I guess in a weird way you could take it as a sign of his trust in you, that he felt he could express that point of view. I mean, he lives with you – he must know how you feel about domestic abuse. I’d maybe take it that way and just hope that you can wear away at his predjudice through the example you set for your beautiful daughters.

  2. LarryLily March 2, 2009 at 2:34 pm #

    What I cant understand is how she could go back to him, which is what she did according to the press. She is the one messed up here in more than being physically abused.

    First time shame on you, second time shame on me.

    I bet that in short order there will be another episode, and i will feel nothing towards her but pity.

    Him, well, he is just a jerk, and he needs to become some big bad mans girlfriend in the house of many doors.

  3. Kathyp March 2, 2009 at 2:50 pm #

    I often take for granted how liberal (for their generation, at least, but like Hannah, I believe that shouldn’t be an excuse for their behavior) my parents are.

    My grandparents were a different story. I was half-raised by my grandma, who in most respects was the coolest woman in the world, but one day out of the blue I asked her is she would disown a child if she found out he/she were gay. Her answer was an emphatic “yes,” despite one of my mom’s close friends being a gay man, and she never seemed to have any problem with that.

    I didn’t know what to say about that, and being only 19, 20 at the time, I didn’t push the issue any further.

  4. thordora March 2, 2009 at 3:25 pm #

    Yeah, my father can get going about gays-HGTV does that to him. But some of my best friends have been gay/lesbian, and he’s loved them along with me.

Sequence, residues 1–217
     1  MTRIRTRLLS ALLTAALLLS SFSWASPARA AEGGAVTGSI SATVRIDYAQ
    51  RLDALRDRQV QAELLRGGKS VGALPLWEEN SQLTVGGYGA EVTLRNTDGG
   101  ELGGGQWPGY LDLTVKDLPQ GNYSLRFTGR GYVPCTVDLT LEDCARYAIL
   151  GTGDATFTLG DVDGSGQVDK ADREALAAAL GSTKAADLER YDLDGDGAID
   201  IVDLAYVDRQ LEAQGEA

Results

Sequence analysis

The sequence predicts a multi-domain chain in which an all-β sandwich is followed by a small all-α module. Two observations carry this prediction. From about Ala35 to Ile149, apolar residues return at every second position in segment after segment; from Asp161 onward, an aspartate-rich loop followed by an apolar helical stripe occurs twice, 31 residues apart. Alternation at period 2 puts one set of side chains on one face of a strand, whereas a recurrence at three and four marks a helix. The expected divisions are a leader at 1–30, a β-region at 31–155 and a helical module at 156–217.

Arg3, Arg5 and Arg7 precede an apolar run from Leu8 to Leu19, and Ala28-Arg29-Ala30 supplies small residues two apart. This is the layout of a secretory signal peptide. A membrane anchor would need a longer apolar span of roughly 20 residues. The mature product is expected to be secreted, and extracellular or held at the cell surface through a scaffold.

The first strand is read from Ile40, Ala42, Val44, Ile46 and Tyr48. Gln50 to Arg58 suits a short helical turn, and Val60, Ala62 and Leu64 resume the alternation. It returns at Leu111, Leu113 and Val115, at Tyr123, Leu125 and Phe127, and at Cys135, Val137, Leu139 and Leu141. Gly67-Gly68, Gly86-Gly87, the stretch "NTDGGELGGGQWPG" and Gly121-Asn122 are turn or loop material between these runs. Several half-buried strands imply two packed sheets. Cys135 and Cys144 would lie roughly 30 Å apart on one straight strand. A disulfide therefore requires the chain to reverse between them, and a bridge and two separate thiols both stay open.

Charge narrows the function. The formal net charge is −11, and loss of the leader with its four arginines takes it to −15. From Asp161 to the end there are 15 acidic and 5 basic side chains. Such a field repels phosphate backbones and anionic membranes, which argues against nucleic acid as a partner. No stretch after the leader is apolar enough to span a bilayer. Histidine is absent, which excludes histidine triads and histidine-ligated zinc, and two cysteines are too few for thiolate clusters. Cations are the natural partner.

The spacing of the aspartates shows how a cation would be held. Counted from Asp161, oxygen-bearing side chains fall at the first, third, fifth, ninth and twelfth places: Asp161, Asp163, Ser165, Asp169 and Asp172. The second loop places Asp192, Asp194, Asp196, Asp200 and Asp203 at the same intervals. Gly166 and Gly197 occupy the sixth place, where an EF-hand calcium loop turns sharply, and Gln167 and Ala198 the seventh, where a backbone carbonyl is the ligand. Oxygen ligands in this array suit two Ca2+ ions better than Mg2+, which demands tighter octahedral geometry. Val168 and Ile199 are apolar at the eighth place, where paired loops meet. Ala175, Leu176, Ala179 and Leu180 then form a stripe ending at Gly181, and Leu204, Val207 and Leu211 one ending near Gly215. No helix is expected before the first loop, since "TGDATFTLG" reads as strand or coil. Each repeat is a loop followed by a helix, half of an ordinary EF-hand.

I think it’s usually the principle he hates, not the person. It’s difficult to reconcile either way.

  5. cooledskin March 2, 2009 at 5:05 pm #

    Your father’s opinions are getting to be very mainstream again. I’m presenting a paper at a conference in April about the Rihanna/Chris Brown “thing” and rural justifications of the violence. Almost everyone I interviewed said the same thing your father did. I’ve also hear arguments that we’re making too big of a deal of it, because they’re both young, or because we’re sexist. ‘What about all the men abused by their partners?” they say. “Let’s seem some equality here!” they say. It’s really disheartening.

    I’m disappointed that she’s getting back together with him, but not surprised. On average, abused women try to leave their partners over two dozen times before they finally do for good… If they ever get away, or live to tell the tale. What’s more frightening is that society is essentially saying that when women step out of line men have the right to smack them right back into it, and Rihanna seems to be providing tacit acceptance of this with her return. I’m raising a daughter, and I want to be sure she knows this is not acceptable behaviour from any future partner she may have, male or female. But I can only do so much, society has its say too….

  6. Seleste March 3, 2009 at 2:40 am #

    Just dropping by.Btw, you website have great content!

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  7. antropologa March 3, 2009 at 5:42 pm #

    Oof. That is quite a statement from him. My grandfather once told me all bad things (AIDS, killer bees, etc.) come from Africa. Glad you stood up for reason.